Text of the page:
UOB Spiritual T-Award: Eric Hategekimana served by Gicumbi EBU
Eric owns a bakery. He has been raised by a single mom and he studied up to only primary 4. He had to leave the school because his mom could not afford the school fees. He married to his wife who also dropped the school after senior 3.

Eric joined UOB's trust group in 2007 and received his first loan of Rwf50,000 and started expanding his business. Initially he did not have any capital so he was using beans grown in his own garden. But with the loan, he was able to buy baking equipment and expand the business lines. He owns his own house, a plot of land, two motor cycles. He now employs 10 people five of whom are staying at Eric and three of whom have been married. Now he borrows Rwf1,500,000 and is able to pay without any past due. Eric is also active in serving the community as a civic servant. Eric is also proud of being able to send his wife back to the secondary school to finish her study, rather than seeking his own study. He plans to send her to college.

Spiritual T-Award was given to Eric for three reasons: One, Eric used to be a Roman Catholic but now fellowships at ADEPR, a Pentecostal denomination in Rwanda, based on his conviction of the Christian teaching he has received from UOB staff. Two, Eric has been attending church services three times a week and has been taking care of many visitors to the church by offering his residence. Three, he has been practicing Good Samaritan spirit by helping several neighbors with the love of Christ, such as paying for medical bills who could not afford to pay, paying for wedding expenses for his three staff and paying school fees for two orphans in his village.  May God bless Eric and his family to be a greater blessing to many others in Christ's name.

UOB Holistic T-Award:  Aplphie Nyirabaziga served by Rwamagana EBU
Apophie was the first one who received the most highly recognized Holistic T-Award. She joined UOB's trust group in 2009 with a Rwf50,000 loan. She is now borrowing Rwf1.2 Mn. When she joined a UOB trust group, she was in the cowhide business, but now she runs an auto spare parts business. She employs two permanent staff and eight temporary staff.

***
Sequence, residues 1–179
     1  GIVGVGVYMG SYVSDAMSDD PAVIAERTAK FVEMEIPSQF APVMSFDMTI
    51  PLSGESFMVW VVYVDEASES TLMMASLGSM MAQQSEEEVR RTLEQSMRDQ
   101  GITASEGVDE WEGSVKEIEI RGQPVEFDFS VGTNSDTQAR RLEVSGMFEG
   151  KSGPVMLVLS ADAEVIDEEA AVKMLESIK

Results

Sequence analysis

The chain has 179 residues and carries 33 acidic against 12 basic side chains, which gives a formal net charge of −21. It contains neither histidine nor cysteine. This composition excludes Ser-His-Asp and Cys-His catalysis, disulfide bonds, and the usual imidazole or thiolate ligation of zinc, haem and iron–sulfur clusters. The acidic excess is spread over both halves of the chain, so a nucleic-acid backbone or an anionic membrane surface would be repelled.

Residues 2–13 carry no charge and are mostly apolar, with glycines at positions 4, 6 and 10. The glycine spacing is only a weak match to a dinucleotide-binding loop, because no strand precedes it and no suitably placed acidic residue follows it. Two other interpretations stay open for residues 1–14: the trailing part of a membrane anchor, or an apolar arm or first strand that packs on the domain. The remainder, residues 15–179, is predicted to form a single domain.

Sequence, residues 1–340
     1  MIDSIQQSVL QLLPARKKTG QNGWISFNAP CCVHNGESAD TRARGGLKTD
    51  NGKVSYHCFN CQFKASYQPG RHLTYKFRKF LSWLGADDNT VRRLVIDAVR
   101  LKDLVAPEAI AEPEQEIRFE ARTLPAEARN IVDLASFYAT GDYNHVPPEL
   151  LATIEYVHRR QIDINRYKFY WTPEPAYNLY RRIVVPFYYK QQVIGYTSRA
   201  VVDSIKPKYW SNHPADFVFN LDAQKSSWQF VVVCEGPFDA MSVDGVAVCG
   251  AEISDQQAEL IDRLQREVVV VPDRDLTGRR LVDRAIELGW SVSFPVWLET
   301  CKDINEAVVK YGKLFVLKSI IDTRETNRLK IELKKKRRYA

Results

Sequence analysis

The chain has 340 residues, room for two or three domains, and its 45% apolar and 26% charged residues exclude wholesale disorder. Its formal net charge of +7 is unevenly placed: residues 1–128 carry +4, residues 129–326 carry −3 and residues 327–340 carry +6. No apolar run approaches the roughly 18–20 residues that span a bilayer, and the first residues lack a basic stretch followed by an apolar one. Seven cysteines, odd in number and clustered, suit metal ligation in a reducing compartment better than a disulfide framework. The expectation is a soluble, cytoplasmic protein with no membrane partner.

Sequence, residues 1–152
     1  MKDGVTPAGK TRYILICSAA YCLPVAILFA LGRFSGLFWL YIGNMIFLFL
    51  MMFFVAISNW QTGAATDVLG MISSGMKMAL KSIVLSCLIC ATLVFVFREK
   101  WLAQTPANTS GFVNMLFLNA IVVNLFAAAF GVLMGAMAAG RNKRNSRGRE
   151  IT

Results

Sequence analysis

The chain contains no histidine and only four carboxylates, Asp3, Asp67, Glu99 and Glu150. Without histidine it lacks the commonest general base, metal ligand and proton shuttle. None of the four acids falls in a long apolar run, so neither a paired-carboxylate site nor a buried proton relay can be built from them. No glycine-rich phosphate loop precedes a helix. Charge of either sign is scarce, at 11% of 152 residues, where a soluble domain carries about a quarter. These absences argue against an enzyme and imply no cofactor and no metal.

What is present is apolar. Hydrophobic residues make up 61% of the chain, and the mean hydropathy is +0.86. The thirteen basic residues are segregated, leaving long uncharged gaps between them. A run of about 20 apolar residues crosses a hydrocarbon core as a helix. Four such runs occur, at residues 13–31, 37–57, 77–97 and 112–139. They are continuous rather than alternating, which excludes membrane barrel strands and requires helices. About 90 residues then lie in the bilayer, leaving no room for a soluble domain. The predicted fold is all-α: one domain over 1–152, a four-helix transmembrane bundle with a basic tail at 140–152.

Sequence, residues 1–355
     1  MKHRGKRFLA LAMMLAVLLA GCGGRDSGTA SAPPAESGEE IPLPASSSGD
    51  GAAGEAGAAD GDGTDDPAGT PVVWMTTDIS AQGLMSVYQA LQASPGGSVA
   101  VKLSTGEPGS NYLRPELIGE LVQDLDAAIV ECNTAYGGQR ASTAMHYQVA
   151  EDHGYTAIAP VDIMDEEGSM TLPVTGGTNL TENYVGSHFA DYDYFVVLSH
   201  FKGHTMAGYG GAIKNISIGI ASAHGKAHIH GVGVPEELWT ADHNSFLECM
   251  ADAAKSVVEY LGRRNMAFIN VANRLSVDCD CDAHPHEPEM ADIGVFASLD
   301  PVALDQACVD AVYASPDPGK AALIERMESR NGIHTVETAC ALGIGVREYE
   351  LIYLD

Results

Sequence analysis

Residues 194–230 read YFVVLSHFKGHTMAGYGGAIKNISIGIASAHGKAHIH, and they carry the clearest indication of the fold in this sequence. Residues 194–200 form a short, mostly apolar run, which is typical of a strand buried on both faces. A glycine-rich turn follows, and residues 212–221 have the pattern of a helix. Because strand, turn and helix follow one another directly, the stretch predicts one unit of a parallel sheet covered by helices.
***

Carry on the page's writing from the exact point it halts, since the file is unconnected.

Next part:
The Holistic T-Award was given to Apophie because her transformation was well balanced in all three aspects of her life. Economically, she has been able to grow her working capital from Rwf300,000 to Rwf2.5 Mn., to buy two cows, a forest, a banana plantation and a water tank for her family. Socially, she has played several important roles in serving her community, such as the president of her trust group, a member of the local sanitation board, a member of savings SACCO at the sector level and a woman representative at the local cell level. Spiritually, she has transformed from a church goer to a committed member of a local church, now as an elder of the church. Because of her faith, her husband has been converted from Islam to Christianity. Also, she has adopted three orphans and takes care of them. All these exhibit a wonderful example of holistic transformation that has taken place in her life. May the good Lord produce holistic transformation in more lives in Rwanda, like Apophie!

I am so blessed to witness these transformation stories first hand along with my colleagues. May the Lord bless them to continue the transformation in their lives to be a blessing to others around them! - Jeffrey

Saturday, January 18, 2014

UOB Day - January 2014 - SHINE

UOB Day is a day when all UOB staff gather together from all over the country. UOB Day has been held twice a year, in January and July.

In uniform, all staff feel the unity immediately. As we gather together, we praise God Almighty with all our hearts and minds. UOB Gospel Singers lead the praise time and soon many others with musical talents join them. The entire staff rock the place. Unity then is apparently in spirit as well as in appearance.

We also listen to the Word spoken through an invited speaker. This time, Laurent MBanda, Anglical Bishop of Shyrah Diocese in Musanze was the speaker. He is a scholar and used to be a senior leader at Compassion International. He was Vice President responsible for Africa. He knows, therefore, business, management, leadership as well as mission. He was a perfect fit to speak to us who are running a Kingdom enterprise of UOB.